Likewise, the fact that the coefficients are “changeable” is probably obvious as are the properties of the function F(). Furthermore, the use of doubles is probably clear and may not even be material to the design. So, we can throw those out as well as the obvious fact that dX is an input parameter. Our greatly simplified diagram now looks like this.

Finally, in a larger context, we may only be concerned that a cubic class exists and we can throw out the attributes and operations entirely, as we demostrate below. Notice that our diagram has three compartments, even though two ar empty. In this case, we could use simply one compartment with the class name or we could use three like this to indicate that it is important to keep in mind that this class has attributes and operations.

UML Class Diagrams – part 4

Continued . . .

In this section, we give the final details of the attributes and operations that can be modeled with UML. With the central elements covered, we are going to add some examples of attributes with initial values and operations with default argument values. Additionally, we will give some examples of attributes and operations with properties, and we will talk about some of the commonly used properties. Finally, we will show how to of model scope and operation binding.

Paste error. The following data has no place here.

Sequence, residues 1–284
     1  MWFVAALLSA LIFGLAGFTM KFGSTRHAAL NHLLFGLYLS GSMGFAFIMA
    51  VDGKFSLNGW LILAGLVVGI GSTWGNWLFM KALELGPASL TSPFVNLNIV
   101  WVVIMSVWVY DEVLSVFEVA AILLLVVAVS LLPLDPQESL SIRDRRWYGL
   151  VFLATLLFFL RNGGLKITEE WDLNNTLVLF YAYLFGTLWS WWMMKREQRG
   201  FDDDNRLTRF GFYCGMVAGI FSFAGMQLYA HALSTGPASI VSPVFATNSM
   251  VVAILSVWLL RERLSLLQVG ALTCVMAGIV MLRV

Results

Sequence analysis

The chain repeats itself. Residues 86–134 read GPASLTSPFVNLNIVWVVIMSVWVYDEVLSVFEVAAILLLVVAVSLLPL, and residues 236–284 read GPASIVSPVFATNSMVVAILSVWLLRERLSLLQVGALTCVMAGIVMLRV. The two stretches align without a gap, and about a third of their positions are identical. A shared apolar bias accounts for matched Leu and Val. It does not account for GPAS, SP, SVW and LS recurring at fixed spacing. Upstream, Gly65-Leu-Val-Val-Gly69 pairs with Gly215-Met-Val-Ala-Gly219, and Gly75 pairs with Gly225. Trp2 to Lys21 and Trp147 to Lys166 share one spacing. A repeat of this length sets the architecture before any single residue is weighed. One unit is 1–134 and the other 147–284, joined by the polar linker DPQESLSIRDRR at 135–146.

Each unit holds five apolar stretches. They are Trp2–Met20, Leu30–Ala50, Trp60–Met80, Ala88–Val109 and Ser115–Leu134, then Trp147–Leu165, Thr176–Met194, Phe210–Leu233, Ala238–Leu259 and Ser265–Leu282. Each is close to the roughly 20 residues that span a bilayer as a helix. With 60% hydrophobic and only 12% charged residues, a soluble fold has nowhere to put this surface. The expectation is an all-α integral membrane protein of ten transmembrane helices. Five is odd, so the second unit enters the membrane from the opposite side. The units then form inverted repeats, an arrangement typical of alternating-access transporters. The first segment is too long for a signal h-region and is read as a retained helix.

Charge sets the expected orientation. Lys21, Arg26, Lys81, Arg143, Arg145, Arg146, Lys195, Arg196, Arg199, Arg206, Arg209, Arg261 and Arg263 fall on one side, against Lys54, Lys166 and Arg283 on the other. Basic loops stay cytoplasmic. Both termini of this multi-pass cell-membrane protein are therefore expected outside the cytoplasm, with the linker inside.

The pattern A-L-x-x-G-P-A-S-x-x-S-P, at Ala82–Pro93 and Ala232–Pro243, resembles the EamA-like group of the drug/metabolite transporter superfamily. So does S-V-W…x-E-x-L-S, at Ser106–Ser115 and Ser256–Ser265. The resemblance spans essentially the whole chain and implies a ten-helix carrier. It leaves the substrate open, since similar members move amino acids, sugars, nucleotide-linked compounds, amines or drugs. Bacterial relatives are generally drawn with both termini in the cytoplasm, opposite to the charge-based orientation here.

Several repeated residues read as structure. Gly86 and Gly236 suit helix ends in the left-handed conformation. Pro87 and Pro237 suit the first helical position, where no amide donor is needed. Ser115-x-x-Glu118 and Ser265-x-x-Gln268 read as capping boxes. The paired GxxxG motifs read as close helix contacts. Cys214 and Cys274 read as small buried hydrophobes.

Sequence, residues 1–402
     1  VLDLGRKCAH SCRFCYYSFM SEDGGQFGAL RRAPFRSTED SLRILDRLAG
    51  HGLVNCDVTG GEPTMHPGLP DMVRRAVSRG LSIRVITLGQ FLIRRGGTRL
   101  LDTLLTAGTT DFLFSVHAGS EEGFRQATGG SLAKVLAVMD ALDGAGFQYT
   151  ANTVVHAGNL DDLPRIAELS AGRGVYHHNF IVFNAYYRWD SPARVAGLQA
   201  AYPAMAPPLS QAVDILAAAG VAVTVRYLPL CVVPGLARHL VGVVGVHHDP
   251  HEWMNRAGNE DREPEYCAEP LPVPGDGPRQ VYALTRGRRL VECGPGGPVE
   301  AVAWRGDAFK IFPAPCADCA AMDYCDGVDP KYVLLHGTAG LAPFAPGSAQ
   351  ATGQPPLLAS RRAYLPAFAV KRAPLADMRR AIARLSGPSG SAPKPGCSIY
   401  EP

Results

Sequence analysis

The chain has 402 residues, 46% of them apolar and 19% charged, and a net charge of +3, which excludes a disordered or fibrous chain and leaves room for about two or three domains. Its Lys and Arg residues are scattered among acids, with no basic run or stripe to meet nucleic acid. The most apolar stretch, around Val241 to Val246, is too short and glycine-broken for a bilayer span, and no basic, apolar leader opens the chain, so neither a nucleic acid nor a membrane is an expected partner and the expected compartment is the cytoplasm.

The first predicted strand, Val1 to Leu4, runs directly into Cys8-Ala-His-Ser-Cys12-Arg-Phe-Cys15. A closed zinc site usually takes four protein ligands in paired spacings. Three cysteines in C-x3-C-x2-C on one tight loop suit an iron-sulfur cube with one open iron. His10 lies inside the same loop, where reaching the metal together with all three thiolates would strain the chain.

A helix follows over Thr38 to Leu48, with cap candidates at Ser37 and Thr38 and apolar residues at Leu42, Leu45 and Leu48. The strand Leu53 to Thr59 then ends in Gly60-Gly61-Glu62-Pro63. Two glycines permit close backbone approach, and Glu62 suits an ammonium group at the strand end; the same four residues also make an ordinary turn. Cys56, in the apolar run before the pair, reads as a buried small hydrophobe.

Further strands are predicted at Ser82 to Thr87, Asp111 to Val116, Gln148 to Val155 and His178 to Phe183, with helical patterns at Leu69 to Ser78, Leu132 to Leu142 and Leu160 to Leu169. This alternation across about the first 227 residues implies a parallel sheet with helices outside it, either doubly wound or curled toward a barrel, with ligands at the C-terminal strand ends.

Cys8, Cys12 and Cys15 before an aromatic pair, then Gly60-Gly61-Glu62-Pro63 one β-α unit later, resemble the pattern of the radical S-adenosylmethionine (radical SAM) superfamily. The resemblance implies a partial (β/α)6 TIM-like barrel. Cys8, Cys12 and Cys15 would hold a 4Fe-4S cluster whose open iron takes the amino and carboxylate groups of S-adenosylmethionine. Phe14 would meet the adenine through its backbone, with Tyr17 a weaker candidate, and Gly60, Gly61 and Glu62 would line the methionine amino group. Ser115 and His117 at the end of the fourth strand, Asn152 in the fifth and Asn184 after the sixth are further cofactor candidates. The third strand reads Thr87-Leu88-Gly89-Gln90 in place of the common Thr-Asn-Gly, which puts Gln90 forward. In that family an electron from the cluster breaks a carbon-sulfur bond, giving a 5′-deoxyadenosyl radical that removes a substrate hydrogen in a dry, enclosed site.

Our arc class below, called CAArc, should serve to illustrate the remaining elements of UML that can be modeled for operations and attributes. This class contains three operations and three attributes. Of the operations, two are instance operations and the third is a class operation. The word static is used in C++ to indicate a class member, rather than an instance member. The word virtual before GetLength() indicates that that function has dynamic binding, while GetOrientation() is statically, or compile-time, bound. Also, the ” = 0″ is used to indicate that GetLength() is not implemented for this class, but rather is a pure virtual function or an abstract operation.